Questions to ask an agent who is going after your cannabis business:
1. How are you involved in this industry
2. Do you know the different extraction methods and why they matter when it comes to insuring me
3. Do you know the difference between processing and manufacturing
4. Do you know the stages of growth and curing methods
5. Have you read our state cannabis bills
Believe it or not these matter significantly when insuring you properly
Why do I ask if your employees are 1099 or W2 because you may be leaving yourself exposed.
You have bud-tenders, grow assistants, and processors. Do they have a schedule? If they don’t show up could they be fired? Do they follow direction and rules from management? Do you give them all the supplies to do their job?
If you answered yes to any of those in the state of Oklahoma they most likely qualify as a W2 not a 1099.
In the state of Oklahoma Work Comp is required for any business with even one non related employee. Don’t leave yourself exposed to being fined or shut down due to this simple fix. Or to even an employee you’ve let go exposing you that they were paid incorrectly. Omma may be slow to respond but I assure you Work Comp and Oklahoma Labor Board are not.
How to correct this? Hire yourself an attorney and CPA who understands this industry. Contact your insurance agent and get a policy activated ASAP. It is fairly cheap so no reason to avoid it.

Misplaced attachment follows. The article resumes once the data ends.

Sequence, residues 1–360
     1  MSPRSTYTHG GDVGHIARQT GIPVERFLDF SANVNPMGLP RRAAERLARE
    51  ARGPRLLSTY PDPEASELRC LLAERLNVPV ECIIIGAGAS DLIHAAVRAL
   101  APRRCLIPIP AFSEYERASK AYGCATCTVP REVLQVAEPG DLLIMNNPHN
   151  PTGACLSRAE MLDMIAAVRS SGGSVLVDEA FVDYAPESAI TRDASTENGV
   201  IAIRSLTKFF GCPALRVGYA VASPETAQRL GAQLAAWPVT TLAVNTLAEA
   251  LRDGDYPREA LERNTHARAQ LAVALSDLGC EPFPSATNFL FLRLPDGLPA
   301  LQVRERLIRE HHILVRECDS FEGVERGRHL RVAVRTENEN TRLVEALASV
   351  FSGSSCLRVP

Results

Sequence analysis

From researching claims across the states this coverage is the most valuable whether you are a grow, processor, or dispensary. You carry this exposure regardless of where you fall in the food chain. You are considered liable if the final product causes harm to an individual.
Some dispensaries are relabeling under their brand and taking on that risk head on. Others are receiving the flower in bulk bags. Once you open that bag or touch the product to measure it out for a sale, you are now in a sense of manipulating the original product.
What you need to know as you are purchasing insurance that I hope your agent has advised you on. If you are not growing and
processing your own product you need to request a COi
(Certificate of Insurance) from the grower/processor. If you don't
your insurance could deny a clalm brought against you. You want to make sure who you are working with has products
coverage not only to back up their product but for your own protection.
If you experience a loss, such as a fire or tornado, this coverage would pay you for the loss of income. This coverage may also come into play to collect expenses that it would take in order to operate at another location to continue business as normal. Make sure to discuss this with your agent as the timeline and financial limits on your policy may vary.
There are two parts of this, money in transit This is also known as the “trips and falls” policy. It will cover bodily injury and property damage that occurs on your premise due to your way of doing business. This coverage could also offer defense costs in the event of a claim.and product in transit. Coverage limits are typically between $25,000 to $100,000 and can be endorsed on your property policy. The carrier will have security measurements in place you must abide by to activate this coverage.
For Transportation policies this is written as "bailee" coverage and you choose your limits for the amount of product and cash you carry that belong to others.
This is also known as the “trips and falls” policy. It will cover bodily injury and property damage that occurs on your premise due to your way of doing business. This coverage could also offer defense costs in the event of a claim.